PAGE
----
Thomas Mulcair is desperately trying to regain momentum and he's seizing an issue dear to the old NDP: the knee-jerk protectionist reaction against free trade. To paraphrase the NDP Leader, who has said Conservative Leader Stephen Harper "never met a war he didn't like," the NDP never saw a free-trade deal it didn't hate.
In 1988, the NDP (alongside the John Turner Liberals) launched an emotional crusade against the Canada-United States free-trade deal, predicting doom and gloom and the loss of the Canadian way of life. Even though that didn't happen, the NDP similarly opposed enlarging the pact to include Mexico and remains reluctant about the trade deal with the European Union.
So last weekend, Mr. Mulcair frantically toured farms in Quebec and Ontario, hoping to capitalize on the egg and milk producers' worries about the Trans-Pacific Partnership deal. But Ottawa has promised them billions in compensation for the very slight losses they might encounter. Besides, Quebec voters are long-time supporters of free trade. Still, Mr. Mulcair trumpeted, before even knowing what was in the TPP, that he wouldn't ratify it if he came to power. Withdrawing from a free-trade zone that goes from Chile to Japan for the sake of the archaic system of supply management of dairy and poultry products? This is irresponsible at best, foolish at worst.
Has the NDP really changed? Maybe not. Its naive brand of pacifism echoes the 1960s "ban the bomb" movement. Faced with the militant Islamist threat, it proposes "peace missions" rather than military action, a noble goal, but where exactly should Canada send those sweet humanitarians? To Libya? Afghanistan? Sudan? Syria?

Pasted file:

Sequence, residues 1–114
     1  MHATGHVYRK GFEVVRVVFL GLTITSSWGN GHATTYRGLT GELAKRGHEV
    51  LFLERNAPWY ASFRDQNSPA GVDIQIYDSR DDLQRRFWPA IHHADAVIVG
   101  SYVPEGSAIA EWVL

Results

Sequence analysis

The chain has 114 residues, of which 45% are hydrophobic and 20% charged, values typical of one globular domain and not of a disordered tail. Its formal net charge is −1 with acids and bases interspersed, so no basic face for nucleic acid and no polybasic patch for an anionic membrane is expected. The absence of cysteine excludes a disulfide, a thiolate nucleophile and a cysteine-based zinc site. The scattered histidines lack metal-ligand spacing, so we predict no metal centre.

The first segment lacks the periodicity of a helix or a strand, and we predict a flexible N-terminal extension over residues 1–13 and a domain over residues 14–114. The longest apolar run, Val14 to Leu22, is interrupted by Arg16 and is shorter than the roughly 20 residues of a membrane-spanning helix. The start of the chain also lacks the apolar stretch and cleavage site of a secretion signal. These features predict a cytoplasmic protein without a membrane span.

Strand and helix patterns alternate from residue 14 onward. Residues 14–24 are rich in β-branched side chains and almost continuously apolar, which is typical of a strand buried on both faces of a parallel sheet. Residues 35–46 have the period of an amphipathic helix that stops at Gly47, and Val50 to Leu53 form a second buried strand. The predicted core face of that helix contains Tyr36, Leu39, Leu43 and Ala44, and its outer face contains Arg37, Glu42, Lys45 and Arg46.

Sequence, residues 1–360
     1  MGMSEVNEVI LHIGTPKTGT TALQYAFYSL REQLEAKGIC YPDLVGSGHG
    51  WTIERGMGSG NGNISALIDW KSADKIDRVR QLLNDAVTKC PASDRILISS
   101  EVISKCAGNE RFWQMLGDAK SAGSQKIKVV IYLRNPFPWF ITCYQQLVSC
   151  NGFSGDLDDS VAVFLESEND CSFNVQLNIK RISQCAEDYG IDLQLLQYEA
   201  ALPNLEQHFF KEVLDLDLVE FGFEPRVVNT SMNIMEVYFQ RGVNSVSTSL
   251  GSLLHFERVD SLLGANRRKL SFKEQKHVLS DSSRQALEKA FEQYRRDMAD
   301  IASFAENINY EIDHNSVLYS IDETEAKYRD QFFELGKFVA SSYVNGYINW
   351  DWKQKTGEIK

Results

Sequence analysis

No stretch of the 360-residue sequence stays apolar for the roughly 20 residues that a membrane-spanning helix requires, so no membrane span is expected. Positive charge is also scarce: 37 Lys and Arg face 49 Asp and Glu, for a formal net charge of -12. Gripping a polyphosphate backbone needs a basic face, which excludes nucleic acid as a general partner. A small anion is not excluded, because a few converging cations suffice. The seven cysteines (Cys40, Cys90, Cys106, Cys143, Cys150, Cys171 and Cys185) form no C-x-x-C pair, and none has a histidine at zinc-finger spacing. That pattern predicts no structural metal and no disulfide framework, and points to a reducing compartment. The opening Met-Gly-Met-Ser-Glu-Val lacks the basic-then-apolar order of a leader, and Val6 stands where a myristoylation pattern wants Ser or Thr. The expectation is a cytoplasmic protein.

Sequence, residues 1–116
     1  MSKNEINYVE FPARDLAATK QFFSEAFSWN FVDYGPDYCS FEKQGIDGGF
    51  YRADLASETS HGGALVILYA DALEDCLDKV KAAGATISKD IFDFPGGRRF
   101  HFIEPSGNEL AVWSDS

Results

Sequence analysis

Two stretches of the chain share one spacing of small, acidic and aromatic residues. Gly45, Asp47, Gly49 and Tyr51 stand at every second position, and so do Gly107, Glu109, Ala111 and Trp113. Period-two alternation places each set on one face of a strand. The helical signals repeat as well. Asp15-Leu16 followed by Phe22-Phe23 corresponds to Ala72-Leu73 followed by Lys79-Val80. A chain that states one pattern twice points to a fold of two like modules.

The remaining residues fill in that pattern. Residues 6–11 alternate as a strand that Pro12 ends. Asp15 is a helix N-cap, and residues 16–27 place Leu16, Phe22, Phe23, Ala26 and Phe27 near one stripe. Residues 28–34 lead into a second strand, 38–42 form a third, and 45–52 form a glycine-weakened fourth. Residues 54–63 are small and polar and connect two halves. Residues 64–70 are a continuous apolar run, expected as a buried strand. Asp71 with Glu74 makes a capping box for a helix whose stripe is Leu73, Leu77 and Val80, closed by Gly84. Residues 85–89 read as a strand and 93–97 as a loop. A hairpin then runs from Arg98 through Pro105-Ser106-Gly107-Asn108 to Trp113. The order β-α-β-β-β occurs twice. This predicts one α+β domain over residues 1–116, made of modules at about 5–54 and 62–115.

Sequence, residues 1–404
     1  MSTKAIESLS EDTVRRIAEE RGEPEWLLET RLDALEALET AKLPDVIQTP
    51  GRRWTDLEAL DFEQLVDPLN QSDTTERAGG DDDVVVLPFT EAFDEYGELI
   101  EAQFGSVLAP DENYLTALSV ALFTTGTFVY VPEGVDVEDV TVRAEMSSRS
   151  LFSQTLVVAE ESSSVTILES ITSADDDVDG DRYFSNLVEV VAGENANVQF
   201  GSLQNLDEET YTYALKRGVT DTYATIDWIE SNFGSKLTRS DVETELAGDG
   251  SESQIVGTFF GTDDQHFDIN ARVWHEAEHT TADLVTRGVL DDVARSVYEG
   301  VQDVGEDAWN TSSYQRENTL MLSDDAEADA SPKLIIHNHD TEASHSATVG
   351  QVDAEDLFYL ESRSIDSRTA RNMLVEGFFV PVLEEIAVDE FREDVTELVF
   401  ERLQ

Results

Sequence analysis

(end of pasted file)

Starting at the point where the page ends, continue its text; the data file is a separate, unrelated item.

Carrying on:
Under Mr. Mulcair, the NDP repositioned itself toward the centre, a wise move, considering its reputation as a big-spender party filled with radicals of various stripes. But the unexpected conversion of the Liberals to Keynesianism made it look like the party of change, attracting left-leaning voters and leaving the NDP with a demoralized base.
In Quebec, the NDP is losing steam. While the Conservatives are poised to make a few gains in the Quebec City area, the Bloc Québécois has mounted a formidable campaign against the NDP, and Bloc Leader Gilles Duceppe dominated the two French-language television debates, thanks in part to his stand on the niqab and the military mission against Islamic State, two positions he has in common with Mr. Harper. Liberal Leader Justin Trudeau gave a good performance in last week's French debate. Buoyed by the national opinion polls, he was more articulate in French than previously, and looked calm and self-assured, a sharp contrast with Mr. Mulcair, who was overly aggressive.
The NDP has shallow roots in the province, despite its 54-strong Quebec caucus, and it doesn't help that its MPs have been largely invisible since their 2011 surprise win. Nobody knows exactly what the Quebec NDP really stands for. Even Mr. Mulcair's image is somewhat muddled. Some see him as an opportunist because of his successive and contradictory political affiliations. He's also accused of double talk, especially on the unity file and the Energy East pipeline.
With the Liberals tracking ahead of the NDP nationally, part of the Quebec anti-Harper vote may go to the Liberals. And many nationalists may return to the familiar niche of the Bloc Québécois.